“How could you tell?” She asked, with a small smile.
“Because if she’d done any of those things,” he answered, “it would have shown up for other doctors, and you wouldn’t need me.”
Her face fell.
“Mrs. Jacquard, I’m not here to judge your daughter,” he said. “I’ve heard tons of crazy rumors, certainly, but I will tell you this: I am one of the best. I will go over the case files, but I am willing to bet that the reason your daughter is still under is because something was missed… something simple but vital. If there’s anything nefarious in her past that might have contributed to her state – and consequently, might help wake her up – then I’ll find it and use it. If that’s a problem, then perhaps we shouldn’t continue.”
He waited, his body completely relaxed.
Her brow furrowed. Then she nodded.
“They said you might be a tad brusque,” she remarked.
“I’m sorry for that,” he answered. “But I get the job done.”
“I certainly hope so.” She stood, with some effort. “Well then, let’s show you your patient.”
He followed her down yet another corridor. The whole house seemed to have a strange silence to it, thick enough to touch. It was claustrophobic. He ignored the sensation, focusing instead on his excitement. This was the case that would be the signature for his whole career, he thought, his heart accelerating slightly.
She opened a door, pausing to look at him expectantly.
“This is my daughter.”
He stepped in and was momentarily jarred. There were many familiar elements: medical monitoring equipment beeping faintly, the antiseptic scent that permeated every hospital he’d ever worked in. But the room was a girl’s room. There were posters on the walls, teen idols from a decade ago. The walls were a faded robin’s egg blue. There was a desk, a television, a twin bed, as well as a dresser with small figurines on it. For a second, he anticipated seeing a child lying before him.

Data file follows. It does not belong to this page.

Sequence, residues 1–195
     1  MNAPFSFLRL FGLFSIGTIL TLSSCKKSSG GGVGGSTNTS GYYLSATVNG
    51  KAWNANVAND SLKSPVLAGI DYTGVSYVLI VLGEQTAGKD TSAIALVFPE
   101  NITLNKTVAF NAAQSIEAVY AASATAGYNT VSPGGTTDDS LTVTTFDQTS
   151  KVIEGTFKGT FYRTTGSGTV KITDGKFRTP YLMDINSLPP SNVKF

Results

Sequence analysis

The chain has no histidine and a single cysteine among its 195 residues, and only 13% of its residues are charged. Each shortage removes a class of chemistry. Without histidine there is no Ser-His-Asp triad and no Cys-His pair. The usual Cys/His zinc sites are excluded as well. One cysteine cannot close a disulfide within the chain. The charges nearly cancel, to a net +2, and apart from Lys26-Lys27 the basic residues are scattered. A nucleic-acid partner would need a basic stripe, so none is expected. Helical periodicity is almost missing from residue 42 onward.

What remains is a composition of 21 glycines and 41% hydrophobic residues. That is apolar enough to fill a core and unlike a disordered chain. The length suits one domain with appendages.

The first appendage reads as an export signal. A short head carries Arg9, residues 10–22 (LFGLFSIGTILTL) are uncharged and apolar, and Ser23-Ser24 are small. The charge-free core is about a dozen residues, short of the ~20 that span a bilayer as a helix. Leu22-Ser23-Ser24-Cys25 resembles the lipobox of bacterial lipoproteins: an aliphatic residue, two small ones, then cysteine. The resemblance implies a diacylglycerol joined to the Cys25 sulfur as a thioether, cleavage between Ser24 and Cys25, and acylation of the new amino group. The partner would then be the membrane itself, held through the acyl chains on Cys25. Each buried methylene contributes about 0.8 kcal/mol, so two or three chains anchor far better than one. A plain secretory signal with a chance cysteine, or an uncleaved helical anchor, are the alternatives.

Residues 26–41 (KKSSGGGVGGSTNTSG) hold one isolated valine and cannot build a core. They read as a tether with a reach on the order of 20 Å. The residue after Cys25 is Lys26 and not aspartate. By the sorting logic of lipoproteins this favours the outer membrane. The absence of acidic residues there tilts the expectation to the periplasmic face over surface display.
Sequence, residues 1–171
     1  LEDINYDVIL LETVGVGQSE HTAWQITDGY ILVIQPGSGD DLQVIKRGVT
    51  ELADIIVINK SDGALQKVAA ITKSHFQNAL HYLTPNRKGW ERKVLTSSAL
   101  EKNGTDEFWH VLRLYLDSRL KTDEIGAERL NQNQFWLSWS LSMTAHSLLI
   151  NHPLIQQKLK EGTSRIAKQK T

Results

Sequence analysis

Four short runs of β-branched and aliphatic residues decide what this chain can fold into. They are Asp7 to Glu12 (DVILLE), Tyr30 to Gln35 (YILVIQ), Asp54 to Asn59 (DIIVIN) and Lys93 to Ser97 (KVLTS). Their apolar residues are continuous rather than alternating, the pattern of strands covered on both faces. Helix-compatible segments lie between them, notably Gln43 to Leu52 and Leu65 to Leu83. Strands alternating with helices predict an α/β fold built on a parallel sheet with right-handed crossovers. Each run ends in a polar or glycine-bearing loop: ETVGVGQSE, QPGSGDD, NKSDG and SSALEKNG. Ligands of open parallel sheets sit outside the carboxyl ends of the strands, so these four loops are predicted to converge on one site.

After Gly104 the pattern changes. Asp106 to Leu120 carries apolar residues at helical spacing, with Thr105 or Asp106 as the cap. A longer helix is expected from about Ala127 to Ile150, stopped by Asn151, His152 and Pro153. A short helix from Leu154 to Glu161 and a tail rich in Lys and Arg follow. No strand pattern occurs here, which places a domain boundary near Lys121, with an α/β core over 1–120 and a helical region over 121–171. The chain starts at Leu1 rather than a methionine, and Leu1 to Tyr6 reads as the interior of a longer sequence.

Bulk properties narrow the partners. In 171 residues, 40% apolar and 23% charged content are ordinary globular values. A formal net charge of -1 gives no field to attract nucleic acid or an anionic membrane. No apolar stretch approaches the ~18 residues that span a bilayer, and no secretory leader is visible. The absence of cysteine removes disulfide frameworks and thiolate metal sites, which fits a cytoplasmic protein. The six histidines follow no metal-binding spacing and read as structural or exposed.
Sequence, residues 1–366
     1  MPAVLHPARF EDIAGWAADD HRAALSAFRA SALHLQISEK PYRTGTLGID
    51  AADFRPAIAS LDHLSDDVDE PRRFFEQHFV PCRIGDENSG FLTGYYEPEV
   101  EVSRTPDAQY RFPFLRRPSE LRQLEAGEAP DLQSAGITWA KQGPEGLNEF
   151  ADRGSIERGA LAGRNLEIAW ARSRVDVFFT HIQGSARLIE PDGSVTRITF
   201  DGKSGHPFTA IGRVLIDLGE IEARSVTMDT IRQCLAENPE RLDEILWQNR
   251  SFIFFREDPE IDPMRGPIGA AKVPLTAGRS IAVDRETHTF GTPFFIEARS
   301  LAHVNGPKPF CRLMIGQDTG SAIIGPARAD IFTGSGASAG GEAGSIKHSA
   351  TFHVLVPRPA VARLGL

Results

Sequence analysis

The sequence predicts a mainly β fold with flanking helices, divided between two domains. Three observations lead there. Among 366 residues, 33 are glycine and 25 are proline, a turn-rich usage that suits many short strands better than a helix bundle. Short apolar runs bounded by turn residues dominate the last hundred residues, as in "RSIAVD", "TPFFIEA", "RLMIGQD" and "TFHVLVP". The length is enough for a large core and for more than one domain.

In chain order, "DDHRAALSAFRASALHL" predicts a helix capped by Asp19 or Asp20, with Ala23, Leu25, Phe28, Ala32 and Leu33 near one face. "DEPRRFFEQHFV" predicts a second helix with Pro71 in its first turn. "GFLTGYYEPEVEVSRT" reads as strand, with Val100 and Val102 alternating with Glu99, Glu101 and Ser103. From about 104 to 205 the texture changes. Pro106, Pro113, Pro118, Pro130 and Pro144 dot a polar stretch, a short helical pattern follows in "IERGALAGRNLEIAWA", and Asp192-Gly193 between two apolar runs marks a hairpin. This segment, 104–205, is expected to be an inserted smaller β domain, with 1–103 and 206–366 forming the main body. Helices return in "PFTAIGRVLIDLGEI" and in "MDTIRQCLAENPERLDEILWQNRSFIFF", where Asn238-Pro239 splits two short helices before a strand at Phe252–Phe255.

Then he got a good look at his new patient.
“What the hell?”
He shot a quick look at her mother. She obviously was used to a similar reaction. “She is your patient. This is my Rory.”
He turned back, staring at the woman lying in the bed. Long, golden blonde hair flowed in waves across the pillowcase. Her skin was porcelain perfect, pale as pearl, yet with a glow of rose beneath the smooth softness that reminded him of a Rembrandt he’d seen years ago, brilliant with the artifice of life. Her lips were a dusky raspberry, pouting and full. Her long eyelashes rested on her cheeks like fringe.
He was expecting to see what he always saw, in a case like this: the emaciated body of a young woman turned spindling and wan by the ravages of six years of coma. But she wasn’t gaunt. Far from it, despite the IV hooked into her arm. From what he could see, she had a good shape, trim but womanly beneath her thin blanket. Her breasts rose and fell gently, her breathing unlabored. She looked like she was merely sleeping.
“What is this?” he demanded, his voice coming out hoarse. “Some kind of hoax?”
“This is what they can’t explain,” Mrs. Jacquard answered sharply. “This is why fourteen doctors before you have quit, and why twenty others have turned my requests down. This is why I called you.” She paused, and when he looked at her, she seemed to be bracing herself. “Will you still take her on as a patient, Dr. White?”
His eyes were drawn back inexorably to the woman lying there, so beautiful, so perfect. So trapped. His whole body ached for a brief, confusing moment.
You should say no. The others had turned this case down for a reason, his logical mind argued sternly. He was good, but he wasn’t a magician. There was no explanation for something this bizarre.
He took a step closer to the body. He should leave, he thought.
He touched her wrist. The pulse was weak, but stronger than he’d imagined. Her skin felt buttery soft, supple and sleek beneath his fingertips. He felt a pulse of heat shooting up from his hand, and he released her, momentarily stunned.
You should go.
He closed his eyes.
“What did you call her, again?” he asked.
“Rory,” Mrs. Jacquard said. “It’s a nickname, for Aurora.”
“Rory,” he repeated, and stroked her arm unconsciously. There was something here. More than his case, more than his career. There was something fascinating. Hypnotic. Compelling.
He leaned down, whispering gently.
“Hello, Rory. I’m Dr. Jacob White.” He paused. “I’m here to wake you up.”